At Kennesaw, Abdur-Rahim succeeded by recruiting high school talent, retaining it and developing it, with only judicious use of the portal. Six of his top seven scorers at Kennesaw last season — when the Owls finished 26-9 — had spent at least three years in the program. Four of the top six scorers were recruited out of high school by Abdur-Rahim.

Three of them — senior guards Chris Youngblood, Brandon Stroud and Kasen Jennings — followed him to USF.

“The first year (at Kennesaw) we won one game, and that was with a lot of guys we had to hold over,” Fletcher recalled.

“So the next year, that first real class, those are the guys that really changed it. Although we only won five, we played in so many close games, so all that did was give those guys experiences that they couldn’t get any other place. So now, you go into Year 3 and that’s those guys’ second year in the program. Man, we won (13 games). You could see it changing, they started believing.”

While such an approach typically requires time and patience, the process can be expedited by resources and the occasional recruiting coup.

USF is among the four programs still in contention for five-star prospect Karter Knox, ESPN’s 16th-ranked player from the Class of 2024 and younger brother of Bulls redshirt sophomore Kobe Knox. Meantime, the Bulls’ NIL coffers are believed to be surprisingly solid, the result of a number of prominent boosters being hoops zealots.

“Everything we need, we have the capability of getting,” Abdur-Rahim said.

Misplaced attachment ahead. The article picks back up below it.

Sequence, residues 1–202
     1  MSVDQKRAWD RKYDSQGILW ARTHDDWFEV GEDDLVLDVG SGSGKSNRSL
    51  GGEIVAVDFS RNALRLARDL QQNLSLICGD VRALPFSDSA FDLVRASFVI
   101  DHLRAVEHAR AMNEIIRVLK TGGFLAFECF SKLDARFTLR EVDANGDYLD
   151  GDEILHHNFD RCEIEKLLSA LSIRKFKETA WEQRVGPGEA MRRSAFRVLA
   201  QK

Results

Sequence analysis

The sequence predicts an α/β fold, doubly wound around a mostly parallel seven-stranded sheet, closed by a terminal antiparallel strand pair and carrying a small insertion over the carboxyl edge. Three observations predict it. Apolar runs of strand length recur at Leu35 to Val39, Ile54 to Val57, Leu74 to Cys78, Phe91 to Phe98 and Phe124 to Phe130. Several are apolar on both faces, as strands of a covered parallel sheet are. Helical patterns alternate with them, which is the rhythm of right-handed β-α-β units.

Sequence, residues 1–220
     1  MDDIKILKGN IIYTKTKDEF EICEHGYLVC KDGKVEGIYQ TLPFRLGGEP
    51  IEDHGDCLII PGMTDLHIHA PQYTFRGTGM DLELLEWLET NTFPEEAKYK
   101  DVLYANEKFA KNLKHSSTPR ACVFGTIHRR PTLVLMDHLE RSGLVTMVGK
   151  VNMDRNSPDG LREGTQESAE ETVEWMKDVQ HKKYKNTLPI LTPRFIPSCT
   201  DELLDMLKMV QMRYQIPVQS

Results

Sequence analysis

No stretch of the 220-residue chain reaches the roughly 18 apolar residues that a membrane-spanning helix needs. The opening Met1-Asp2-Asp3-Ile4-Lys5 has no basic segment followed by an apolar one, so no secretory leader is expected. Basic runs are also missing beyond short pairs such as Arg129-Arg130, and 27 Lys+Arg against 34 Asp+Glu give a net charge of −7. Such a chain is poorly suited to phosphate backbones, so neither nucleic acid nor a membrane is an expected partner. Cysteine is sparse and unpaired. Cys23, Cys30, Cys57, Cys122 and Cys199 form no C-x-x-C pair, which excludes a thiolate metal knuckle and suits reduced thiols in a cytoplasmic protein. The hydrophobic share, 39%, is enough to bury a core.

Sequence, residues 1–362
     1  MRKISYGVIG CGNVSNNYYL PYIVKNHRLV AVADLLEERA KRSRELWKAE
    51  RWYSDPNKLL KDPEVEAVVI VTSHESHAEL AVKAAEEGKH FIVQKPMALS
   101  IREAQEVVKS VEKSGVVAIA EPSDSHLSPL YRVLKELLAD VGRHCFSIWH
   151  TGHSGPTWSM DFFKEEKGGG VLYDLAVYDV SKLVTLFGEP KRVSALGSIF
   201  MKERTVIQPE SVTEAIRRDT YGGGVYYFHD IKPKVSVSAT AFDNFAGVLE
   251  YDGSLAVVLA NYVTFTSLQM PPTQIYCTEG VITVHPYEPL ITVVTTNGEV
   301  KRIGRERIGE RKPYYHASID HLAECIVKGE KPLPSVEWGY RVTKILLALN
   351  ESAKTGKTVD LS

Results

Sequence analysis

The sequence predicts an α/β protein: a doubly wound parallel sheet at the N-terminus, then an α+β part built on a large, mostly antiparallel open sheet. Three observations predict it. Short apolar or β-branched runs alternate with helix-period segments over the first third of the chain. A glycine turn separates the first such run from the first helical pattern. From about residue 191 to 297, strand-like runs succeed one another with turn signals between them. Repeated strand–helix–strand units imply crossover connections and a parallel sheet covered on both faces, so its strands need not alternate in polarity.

What they need more than anything is a sliver of success, a winning season or two that can reassure recruits of the program’s ability to establish and maintain an upward trajectory. USF hasn’t posted consecutive winning seasons since the Seth Greenberg era (2002-2003).

Is Abdur-Rahim the guy who can add brightness to that bleak portrait? Bulls legend Charlie Bradley, who recently spent time with Abdur-Rahim, believes so.

“Just being around and just feeling, it’s just a different vibe, a different culture,” said Bradley, who remains the program’s career scoring leader. “He’s got these guys being very respectful and believing; that’s the thing. You’ve still got to play the game, so we don’t know what’s going to happen. But I do think the program is heading in the right direction. I really do.”

Of course, similar plaudits have been attached to many of Abdur-Rahim’s predecessors.

Bulls fans can only hope this latest vibe is not only different, but darned transformational.

“Yeah, I do embrace (the challenge), but as I’ve said to people before, I’m not sure what those (previous) coaches, what their mindset was, but I’m in the business of developing men,” Abdur-Rahim said.

“Every day, that’s what it’s about for me. I know if I develop the men, the players will come. So I’m just going to keep attacking it that way and the rest of it will take care of itself.”

Contact Joey Knight at Follow @TBTimes_Bulls

Amir Abdur-Rahim vs. history

Only two USF men’s basketball coaches who remained longer than one season (Lee Rose, Seth Greenberg) exited the program with winning records. Here are the records of the last four Bulls full-time coaches during their respective tenures at USF:

Robert McCullum (2003-2007): 40-76

Stan Heath (2007-2014): 97-130

Orlando Antigua (2014-2017): 17-48

Brian Gregory (2017-2023): 79-107